The US is facing an ‘epidemic’ of loneliness. Can art help reverse the trend? | Mental Health News
Early one morning in the spring of 1969, Jeremy Nobel went downstairs to the living room of his family’s home in Pittsburgh, Pennsylvania, to get ready for school.
There, he found his father sitting on the sofa, looking as white as a sheet and clearly in pain. He asked Nobel, who was 15 years old at the time, to wake up his mother and call her for help.
The police came quickly. They slipped an oxygen mask over his father’s face, loaded him onto a stretcher and whisked him away to the local medical center.
That was the last time Nobel saw his father alive. He died of a heart attack at 47 years old.
After his father’s death, Nobel felt despondent, directionless. Although he kept up with school activities and his friends, Nobel experienced what he calls spiritual or biological isolation. He questioned his self-worth and how he could lead a safe life.
He never spoke about his father’s death to his friends. “The loneliness was under the surface,” he said.
Looking back, Nobel believes that day in 1969 is at the heart of who he is today: a primary care physician, public health practitioner and faculty member at Harvard Medical School. But he wishes he had received guidance at the time to help him deal with the loneliness he felt.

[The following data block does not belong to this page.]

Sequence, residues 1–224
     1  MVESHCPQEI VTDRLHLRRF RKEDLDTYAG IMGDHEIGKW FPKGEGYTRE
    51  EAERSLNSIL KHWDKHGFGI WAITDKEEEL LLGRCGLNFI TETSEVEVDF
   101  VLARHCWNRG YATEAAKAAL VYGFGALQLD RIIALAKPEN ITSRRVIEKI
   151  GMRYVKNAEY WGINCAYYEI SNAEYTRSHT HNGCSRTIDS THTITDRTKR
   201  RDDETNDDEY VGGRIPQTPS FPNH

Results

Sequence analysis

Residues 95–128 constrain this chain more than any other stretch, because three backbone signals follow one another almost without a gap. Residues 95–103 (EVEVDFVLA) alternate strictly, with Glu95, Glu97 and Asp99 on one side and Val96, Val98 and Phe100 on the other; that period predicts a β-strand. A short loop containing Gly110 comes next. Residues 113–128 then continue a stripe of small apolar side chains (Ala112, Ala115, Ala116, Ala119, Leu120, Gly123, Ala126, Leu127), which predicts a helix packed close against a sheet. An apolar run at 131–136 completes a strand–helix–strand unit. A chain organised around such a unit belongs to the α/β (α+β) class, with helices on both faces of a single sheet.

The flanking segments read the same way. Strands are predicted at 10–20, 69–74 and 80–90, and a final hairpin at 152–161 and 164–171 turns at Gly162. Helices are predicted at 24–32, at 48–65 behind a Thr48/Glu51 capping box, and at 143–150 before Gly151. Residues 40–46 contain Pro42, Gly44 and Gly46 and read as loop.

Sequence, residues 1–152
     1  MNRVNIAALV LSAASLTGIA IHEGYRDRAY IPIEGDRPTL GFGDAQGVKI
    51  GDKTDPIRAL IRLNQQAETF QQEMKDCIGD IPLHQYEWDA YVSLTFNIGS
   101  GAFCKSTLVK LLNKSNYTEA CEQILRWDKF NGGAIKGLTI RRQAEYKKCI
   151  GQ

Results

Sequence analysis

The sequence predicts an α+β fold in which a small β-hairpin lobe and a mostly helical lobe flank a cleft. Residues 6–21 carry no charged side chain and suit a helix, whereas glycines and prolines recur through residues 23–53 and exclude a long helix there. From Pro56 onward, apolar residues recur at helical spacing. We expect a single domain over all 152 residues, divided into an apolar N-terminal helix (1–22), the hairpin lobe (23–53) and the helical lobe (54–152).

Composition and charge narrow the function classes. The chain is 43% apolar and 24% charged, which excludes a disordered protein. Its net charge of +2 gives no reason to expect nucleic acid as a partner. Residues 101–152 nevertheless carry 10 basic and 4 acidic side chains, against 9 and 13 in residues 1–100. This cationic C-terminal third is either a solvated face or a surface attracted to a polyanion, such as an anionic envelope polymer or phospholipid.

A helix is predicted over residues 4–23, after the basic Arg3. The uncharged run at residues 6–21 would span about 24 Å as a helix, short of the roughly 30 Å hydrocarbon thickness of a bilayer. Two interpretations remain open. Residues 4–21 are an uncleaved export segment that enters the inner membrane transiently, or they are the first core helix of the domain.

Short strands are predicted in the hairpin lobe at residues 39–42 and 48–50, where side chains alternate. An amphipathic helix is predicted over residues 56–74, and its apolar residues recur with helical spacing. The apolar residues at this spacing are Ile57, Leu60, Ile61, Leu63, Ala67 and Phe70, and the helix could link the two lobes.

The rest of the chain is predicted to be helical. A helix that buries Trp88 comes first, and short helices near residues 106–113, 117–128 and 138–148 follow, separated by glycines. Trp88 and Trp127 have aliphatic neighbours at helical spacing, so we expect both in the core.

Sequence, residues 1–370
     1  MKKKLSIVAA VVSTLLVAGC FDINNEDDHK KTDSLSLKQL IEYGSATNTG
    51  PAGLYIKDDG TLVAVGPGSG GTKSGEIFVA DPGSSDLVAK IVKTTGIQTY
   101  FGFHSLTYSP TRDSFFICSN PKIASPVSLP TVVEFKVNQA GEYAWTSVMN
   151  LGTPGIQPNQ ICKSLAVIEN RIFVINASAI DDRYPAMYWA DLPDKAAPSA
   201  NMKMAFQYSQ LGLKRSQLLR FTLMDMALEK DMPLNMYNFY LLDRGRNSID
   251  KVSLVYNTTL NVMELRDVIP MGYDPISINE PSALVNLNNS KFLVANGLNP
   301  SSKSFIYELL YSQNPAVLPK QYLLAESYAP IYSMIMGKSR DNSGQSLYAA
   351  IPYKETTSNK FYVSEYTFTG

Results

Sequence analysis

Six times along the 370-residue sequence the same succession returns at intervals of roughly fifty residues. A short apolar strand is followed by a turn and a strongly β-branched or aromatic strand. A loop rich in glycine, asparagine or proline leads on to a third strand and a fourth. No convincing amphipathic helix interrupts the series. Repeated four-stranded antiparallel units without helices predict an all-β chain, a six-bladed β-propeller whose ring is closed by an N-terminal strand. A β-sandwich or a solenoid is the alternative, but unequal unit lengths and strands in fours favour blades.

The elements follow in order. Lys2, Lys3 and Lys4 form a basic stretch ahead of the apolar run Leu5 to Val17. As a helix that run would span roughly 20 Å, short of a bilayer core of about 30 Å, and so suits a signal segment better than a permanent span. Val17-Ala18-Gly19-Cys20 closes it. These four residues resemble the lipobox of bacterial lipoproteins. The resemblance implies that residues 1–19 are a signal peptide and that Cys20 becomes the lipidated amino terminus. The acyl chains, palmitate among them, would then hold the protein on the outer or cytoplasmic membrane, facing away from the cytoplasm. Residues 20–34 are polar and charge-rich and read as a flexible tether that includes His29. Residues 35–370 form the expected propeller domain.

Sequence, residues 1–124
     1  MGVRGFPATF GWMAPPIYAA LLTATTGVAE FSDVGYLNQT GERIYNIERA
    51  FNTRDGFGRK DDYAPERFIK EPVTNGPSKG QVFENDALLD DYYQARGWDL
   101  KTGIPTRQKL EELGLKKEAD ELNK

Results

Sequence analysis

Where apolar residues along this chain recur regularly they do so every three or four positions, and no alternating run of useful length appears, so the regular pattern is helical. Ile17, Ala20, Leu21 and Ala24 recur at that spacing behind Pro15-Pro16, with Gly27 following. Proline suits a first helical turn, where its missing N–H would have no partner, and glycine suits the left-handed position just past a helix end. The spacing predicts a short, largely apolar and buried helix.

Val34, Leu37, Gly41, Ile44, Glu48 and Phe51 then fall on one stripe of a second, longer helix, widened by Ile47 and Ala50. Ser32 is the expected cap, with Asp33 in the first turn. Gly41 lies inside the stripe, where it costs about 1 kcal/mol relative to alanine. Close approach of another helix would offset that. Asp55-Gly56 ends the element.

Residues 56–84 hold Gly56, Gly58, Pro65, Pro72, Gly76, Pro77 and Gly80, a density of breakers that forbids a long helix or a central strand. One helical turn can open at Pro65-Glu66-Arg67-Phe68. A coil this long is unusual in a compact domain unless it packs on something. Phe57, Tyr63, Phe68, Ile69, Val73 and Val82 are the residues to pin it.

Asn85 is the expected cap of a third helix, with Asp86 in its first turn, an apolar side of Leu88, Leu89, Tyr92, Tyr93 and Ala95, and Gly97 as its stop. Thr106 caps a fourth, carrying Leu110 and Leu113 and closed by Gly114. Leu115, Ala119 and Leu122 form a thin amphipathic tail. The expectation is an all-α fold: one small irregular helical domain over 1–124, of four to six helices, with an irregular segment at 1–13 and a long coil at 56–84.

Now, more than 50 years later, he has written a book to do that for others. Launched last month, Project UnLonely: Healing Our Crisis of Disconnection aims to find out how loneliness can affect physical and mental health – and how to deal with it.
A national revolution
The book comes at a time when health experts are raising the alarm about loneliness. In May, the US Surgeon General, Vivek Murthy, released an advisory highlighting loneliness as an “epidemic” and a public health “emergency”.
The counselor defined loneliness as a “distressing experience” arising from “perceived isolation or inadequate meaningful connections”. He said, however, that personal isolation occurs when there is a difference between “one’s preferred experiences and the actual experience”.
However, the Surgeon General said that loneliness is “more widespread than other major health issues in the US”, including diabetes and obesity.
Even before COVID-19, about half of American adults said they were experiencing loneliness, the consultant explained. The situation only worsened during the pandemic, when many people were cut off from friends and family and lost jobs or loved ones.
Although most people feel lonely at times, a chronic feeling of loneliness can have serious consequences, increasing the risk of cardiovascular disease, depression, stroke, depression, anxiety and premature death. .